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The Advanced LIGO team has just announced the direct detection of gravitational waves, a major milestone in the history of science that confirms one of Einstein's predictions and opens a new window into the near and far Universe.

Scientists have detected gravitational waves from merging black holes. But how do these pairs of black holes form?

However, it came as a major surprise that the observed gravitational-wave signal was produced by a pair of two merging black holes with individual masses of about 30 times the mass of our Sun. A team of astronomers from the universities of Bonn and Oxford has just discovered how very massive binary stars can turn into such tight pairs of massive black holes.

The results of the research, led by Pablo Marchant at Bonn, will appear in the journal Astronomy & Astrophysics.

Professor Philipp Podsiadlowski of Oxford's Department of Physics, a co-author of the paper, said: 'The detection of gravitational waves is one of the most important discoveries in astrophysics in the past 50 years and the most important in physics since the discovery of the Higgs boson in 2012. It tests physics at the most fundamental level and provides the ultimate proof of the existence of black holes.'

Professor Norbert Langer is Director of the Argelander Institute for Astronomy at the University of Bonn and a co-author of the paper. Discussing the new theory for black-hole merging, he said: 'Some of the more massive black-hole mergers predicted by our theory can be seen throughout most of the observable Universe, allowing us to probe the evolution of massive stars in a completely new way. This has important implications for other exotic events, such as gramma-ray bursts and superluminous supernovae.'

The 'stellar graveyard' of dead stars consists of a number of compact objects: white dwarfs, produced by low-mass stars like the Sun; neutron stars, which are the remnants of more massive stars; and black holes, the anticipated end stages of the most massive stars.

Astronomers have previously observed tight pairs – but only those consisting of white dwarfs and/or neutron stars. The discovery by Hulse and Taylor that the orbit of a tight pair of neutron stars shrinks exactly as predicted by Einstein's theory of general relativity because of gravitational-wave radiation led to them being awarded the Nobel Prize in 1993.

These well-studied tight binaries consisting of white dwarfs and neutron stars are explained by a theory in which the progenitor of one of the compact stars engulfs its compact companion, drags it close to its core, and thereby strips its 'envelope' (a part of the star not gravitationally bound to its core). This complex theory, which is yet to be confirmed by direct numerical models, also predicts the formation of tight double black holes.

However, the new theory by Marchant and colleagues at Bonn and Oxford predicts another route towards the formation of tight black-hole pairs. This theory involves black holes that weigh at least 25 solar masses (25 times the mass of the Sun, or about 2 nonillion kg), consistent with the discovery announced by the Advanced LIGO team.

One complication to theories around the formation of tight pairs of compact stars stems from the fact that stars are generally thought to expand when they age. This new theory avoids such an expansion by invoking a mechanism that keeps the interior of very close and sufficiently massive stars completely chemically mixed. The reason for this is that tidal forces keep the stars in bound rotation – that is, they continue to show the same side to each other, similar to how the same side of the Moon always faces the Earth.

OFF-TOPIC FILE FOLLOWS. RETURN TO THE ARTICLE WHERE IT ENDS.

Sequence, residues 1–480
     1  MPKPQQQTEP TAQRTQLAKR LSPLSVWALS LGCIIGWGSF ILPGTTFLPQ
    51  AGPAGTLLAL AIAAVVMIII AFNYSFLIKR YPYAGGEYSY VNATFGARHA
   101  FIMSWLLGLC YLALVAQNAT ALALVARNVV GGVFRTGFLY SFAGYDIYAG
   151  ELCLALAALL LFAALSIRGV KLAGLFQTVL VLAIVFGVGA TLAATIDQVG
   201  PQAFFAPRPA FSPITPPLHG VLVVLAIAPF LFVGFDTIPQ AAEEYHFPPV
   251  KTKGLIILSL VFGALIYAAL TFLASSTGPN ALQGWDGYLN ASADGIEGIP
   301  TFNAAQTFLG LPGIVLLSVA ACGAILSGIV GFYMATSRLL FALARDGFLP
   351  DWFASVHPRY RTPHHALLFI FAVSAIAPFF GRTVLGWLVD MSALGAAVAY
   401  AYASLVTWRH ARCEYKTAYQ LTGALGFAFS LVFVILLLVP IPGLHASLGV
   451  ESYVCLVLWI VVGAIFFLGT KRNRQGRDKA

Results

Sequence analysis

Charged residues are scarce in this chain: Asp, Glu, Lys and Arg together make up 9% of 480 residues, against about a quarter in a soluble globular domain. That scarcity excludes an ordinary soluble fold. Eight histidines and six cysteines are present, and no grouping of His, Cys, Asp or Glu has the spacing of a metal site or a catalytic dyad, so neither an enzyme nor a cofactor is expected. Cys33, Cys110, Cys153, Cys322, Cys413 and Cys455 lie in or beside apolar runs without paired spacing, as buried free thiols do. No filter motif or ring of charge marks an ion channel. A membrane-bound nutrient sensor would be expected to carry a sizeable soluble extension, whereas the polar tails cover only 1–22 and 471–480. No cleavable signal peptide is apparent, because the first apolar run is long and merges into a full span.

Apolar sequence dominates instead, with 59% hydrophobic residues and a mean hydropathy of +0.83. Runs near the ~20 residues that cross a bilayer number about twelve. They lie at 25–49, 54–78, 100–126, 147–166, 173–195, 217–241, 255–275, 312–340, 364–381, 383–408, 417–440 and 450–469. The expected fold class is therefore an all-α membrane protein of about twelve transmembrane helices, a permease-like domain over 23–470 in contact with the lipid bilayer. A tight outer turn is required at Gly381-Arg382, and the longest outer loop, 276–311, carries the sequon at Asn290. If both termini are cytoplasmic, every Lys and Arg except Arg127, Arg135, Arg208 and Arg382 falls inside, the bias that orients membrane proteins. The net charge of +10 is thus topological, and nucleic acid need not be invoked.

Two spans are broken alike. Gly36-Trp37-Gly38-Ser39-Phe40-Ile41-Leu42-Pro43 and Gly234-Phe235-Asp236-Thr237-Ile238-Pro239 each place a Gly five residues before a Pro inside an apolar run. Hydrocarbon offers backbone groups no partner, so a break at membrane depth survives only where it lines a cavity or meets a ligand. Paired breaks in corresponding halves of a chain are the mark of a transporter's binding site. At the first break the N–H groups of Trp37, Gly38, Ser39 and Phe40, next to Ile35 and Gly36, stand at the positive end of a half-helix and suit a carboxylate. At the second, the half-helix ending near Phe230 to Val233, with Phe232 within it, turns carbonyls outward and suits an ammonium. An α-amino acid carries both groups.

The fast orbital motion involved in this process leads to extremely rapid rotation of the stars, which triggers internal chemical mixing inside the star. Marchant and colleagues show, through a large number of detailed evolutionary calculations, that these stars never expand and that the binaries remain compact up to the collapse phase, when the stars turn into relatively massive black holes.

If the theory is correct, then the current Advanced LIGO discovery, together with other expected detections in the near future, will allow scientists to draw further conclusions about the fate of massive stars, including so-called gamma-ray bursts. Because of their rapid rotation, some of the black-hole progenitors may not collapse quietly, instead producing such a gamma-ray burst – a poorly understood phenomenon that occurs in about one in every thousand dying massive stars.

Furthermore, stars that are even more massive than the progenitors of the discovered merging black holes are, according to this theory, expected to produce what is known as a pair-instability supernova, a type of explosion that has been predicted for a long time but has lacked observational evidence. Indeed, the new theory predicts a gap in the distribution of black-hole masses between 60 and 130 times the mass of the Sun, where pair-instability supernovae completely destroy the star and no black holes are expected.

The merging black holes may provide us, therefore (and even without any electromagnetic signal), with major new insights into the poorly understood deaths of very massive stars.

A online preprint version of the article 'A new route towards merging massive black holes' is available in the journal Astronomy & Astrophysics.

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